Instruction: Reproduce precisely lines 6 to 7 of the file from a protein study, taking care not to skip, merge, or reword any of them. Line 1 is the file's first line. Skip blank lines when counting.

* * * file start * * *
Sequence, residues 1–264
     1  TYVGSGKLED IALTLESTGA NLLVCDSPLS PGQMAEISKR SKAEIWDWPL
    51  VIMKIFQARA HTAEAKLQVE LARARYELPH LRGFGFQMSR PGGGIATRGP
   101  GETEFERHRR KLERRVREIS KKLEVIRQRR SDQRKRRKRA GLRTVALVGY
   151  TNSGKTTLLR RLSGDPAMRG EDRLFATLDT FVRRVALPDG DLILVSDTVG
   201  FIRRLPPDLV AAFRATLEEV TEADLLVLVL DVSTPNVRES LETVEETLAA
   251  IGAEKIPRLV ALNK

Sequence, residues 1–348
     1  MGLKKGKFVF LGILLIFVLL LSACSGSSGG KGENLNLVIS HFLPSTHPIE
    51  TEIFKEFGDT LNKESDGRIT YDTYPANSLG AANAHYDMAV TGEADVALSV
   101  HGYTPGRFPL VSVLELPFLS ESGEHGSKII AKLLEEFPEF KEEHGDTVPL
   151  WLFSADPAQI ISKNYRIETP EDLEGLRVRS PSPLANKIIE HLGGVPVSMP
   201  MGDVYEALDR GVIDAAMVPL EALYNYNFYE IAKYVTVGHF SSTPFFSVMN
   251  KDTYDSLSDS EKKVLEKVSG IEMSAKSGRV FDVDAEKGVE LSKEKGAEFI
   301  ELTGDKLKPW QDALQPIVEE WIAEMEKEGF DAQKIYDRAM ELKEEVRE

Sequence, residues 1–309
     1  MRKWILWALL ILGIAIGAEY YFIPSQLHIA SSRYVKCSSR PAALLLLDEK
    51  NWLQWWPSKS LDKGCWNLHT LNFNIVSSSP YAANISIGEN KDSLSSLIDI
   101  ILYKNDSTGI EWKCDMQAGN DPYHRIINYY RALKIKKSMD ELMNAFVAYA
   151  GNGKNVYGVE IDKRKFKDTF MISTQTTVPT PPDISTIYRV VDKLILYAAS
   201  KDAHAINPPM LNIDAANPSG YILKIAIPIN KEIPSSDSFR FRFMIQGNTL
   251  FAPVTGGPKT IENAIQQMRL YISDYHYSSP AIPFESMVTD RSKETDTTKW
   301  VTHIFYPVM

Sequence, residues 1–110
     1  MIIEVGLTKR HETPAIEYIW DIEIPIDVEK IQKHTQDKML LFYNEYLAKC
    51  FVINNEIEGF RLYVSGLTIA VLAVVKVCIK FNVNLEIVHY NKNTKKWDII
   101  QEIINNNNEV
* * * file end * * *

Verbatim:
   201  FIRRLPPDLV AAFRATLEEV TEADLLVLVL DVSTPNVRES LETVEETLAA
   251  IGAEKIPRLV ALNK